Buzzy Bee goes international – and interactive

Buzzy Bee goes international – and interactive
Well-loved Kiwi toy Buzzy Bee is soon to be brought to screens around the world, while ushering in a new concept in children’s interactive entertainment at the same time.

Buzzy BeeWell-loved Kiwi toy Buzzy Bee is soon to be brought to screens around the world, while ushering in a new concept in children’s interactive entertainment at the same time.

Local entertainment company Lion Rock Ventures has just signed a co-production deal with Malaysian production company Lemon Sky Animation to produce 52 seven-minute TV episodes featuring the iconic character.

The Buzzy Bee property remains 100 percent New Zealand-owned but LSA will share a minority of the distribution and merchandising receipts from countries other than Australia, New Zealand and Malaysia.

William McKegg

Lion Rock has also secured an agreement with international TV sales company Beyond Entertainment to distribute the new series worldwide, including taking the show to Cannes in October, where it has been accepted into the ‘Kids Jury’ competition – an event where children are the judges.

The Malaysian deal gives Lion Rock enough programming to last several years on kids' TV channels.

Lion Rock director William McKegg said production was now underway on the show, which is funded to more than NZ$5 million, due mostly to financing from Malaysia's MAC3 Co-Production Fund. The fund is administered by the government’s MDEC (Multimedia Development Corporation), which McKegg says is not dissimilar to New Zealand’s Ministry of Economic Development.

According to McKegg, Malaysia is making a name for itself as an emerging talent in animation and represents an example of the “smart economy” working in New Zealand’s favour.

“Given that entertainment IP is a relatively new market sector for the New Zealand investor, it has been difficult attracting capital. Up to now the directors and shareholders have been funding the development of the franchise, and to a degree, we have had to learn by doing," he said.

“But it is expected the cash flows from TV sales and licensing income – following the roll out of the media initiatives – will demonstrate to the investment community the value of entertainment IP and in our case Buzzy Bee’s long term asset value."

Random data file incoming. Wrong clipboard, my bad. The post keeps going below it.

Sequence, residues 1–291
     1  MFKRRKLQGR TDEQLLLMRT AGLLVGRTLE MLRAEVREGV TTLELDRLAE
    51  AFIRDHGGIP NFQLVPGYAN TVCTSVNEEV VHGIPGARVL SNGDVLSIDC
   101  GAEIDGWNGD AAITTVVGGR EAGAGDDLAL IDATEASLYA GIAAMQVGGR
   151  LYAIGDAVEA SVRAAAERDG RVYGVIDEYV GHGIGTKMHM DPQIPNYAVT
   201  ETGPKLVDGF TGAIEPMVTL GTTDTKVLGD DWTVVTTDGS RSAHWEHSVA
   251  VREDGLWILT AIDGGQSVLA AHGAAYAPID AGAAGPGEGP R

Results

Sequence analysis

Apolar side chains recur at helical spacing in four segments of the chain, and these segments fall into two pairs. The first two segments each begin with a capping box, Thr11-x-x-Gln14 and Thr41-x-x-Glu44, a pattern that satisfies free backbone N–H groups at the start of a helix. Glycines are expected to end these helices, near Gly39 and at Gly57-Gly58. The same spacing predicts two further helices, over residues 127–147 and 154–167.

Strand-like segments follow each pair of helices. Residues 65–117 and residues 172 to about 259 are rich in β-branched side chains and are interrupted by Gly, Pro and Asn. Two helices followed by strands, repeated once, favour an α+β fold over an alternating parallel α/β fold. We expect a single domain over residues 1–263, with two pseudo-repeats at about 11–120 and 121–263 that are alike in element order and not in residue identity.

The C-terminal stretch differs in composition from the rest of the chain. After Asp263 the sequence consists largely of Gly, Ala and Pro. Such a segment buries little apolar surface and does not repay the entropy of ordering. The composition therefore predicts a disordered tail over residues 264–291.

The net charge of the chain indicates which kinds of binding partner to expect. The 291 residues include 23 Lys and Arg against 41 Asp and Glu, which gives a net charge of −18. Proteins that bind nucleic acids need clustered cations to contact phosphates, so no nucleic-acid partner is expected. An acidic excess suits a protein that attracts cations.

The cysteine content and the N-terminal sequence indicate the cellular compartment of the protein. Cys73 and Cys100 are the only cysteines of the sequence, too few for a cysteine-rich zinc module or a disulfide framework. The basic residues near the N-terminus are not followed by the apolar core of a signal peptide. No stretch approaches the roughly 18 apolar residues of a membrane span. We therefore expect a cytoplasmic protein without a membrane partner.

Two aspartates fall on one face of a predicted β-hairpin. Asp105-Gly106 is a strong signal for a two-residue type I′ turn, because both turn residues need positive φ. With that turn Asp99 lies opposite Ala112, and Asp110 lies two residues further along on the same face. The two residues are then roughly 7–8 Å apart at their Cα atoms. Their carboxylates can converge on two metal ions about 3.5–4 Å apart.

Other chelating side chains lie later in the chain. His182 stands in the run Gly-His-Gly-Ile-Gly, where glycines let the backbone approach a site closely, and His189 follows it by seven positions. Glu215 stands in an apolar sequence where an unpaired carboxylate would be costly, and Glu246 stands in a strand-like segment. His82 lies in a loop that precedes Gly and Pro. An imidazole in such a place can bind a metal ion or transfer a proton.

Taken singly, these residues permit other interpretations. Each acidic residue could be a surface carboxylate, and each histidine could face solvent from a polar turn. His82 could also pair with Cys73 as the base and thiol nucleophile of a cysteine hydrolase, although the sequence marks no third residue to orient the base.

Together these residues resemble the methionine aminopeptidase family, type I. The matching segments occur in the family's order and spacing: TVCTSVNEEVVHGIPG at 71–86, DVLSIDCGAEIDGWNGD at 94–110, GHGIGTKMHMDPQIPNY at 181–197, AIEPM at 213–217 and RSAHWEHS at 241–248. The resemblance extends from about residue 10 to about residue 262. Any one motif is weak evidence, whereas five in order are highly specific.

He said the show would bring children's TV into the digital age.

Within the show, Buzzy hosts Rolling Down’s Radio, a small community-focused radio station. Viewers at home watching the show can call in and talk directly to Buzzy and  record their own stories after the show online, collecting a 'library' of stories.

“Theatrically, we have broken the fourth wall, introducing the perception of two-way conversations with our animated characters,” McKegg said.

“Fundamentally we will be recording posterity, which is a very interesting new concept in children’s interactive entertainment. Everyone knows how important photos and videos of children are to parents – now Buzzy Bee provides them with the opportunity for audio and video recordings.”

McKegg said the company’s “ambitious strategy” will see it venture in to unchartered waters.

“However, the business model will simultaneously follow the more traditional route of other worldwide children’s brands with a strong consumer licensing programme world-wide where royalties from the sale of branded Buzzy Bee products flow back to New Zealand."

The Buzzy Bee brand is more than 70 years old and was transformed into a character brand by Lion Rock, a management and licensing business formed in 2002 to take the toy global.

It initially operated a wholesale distribution business before to switching to a licensing model engaging partners to commercialise various consumer products including books and DVDs.

The first series of Buzzy Bee and Friends was animated by Auckland-based Flux Media, and bought by TVNZ. It was also sold to Australia and Norway.

According to McKegg, the Buzzy Bee TV show is predicated on “lovely old fashion values that actually never expire".

Lion Rock has a head start in the online space because the animated digital assets it created in the first TV series made it easier to launch the second series including the web-based initiatives, he said.

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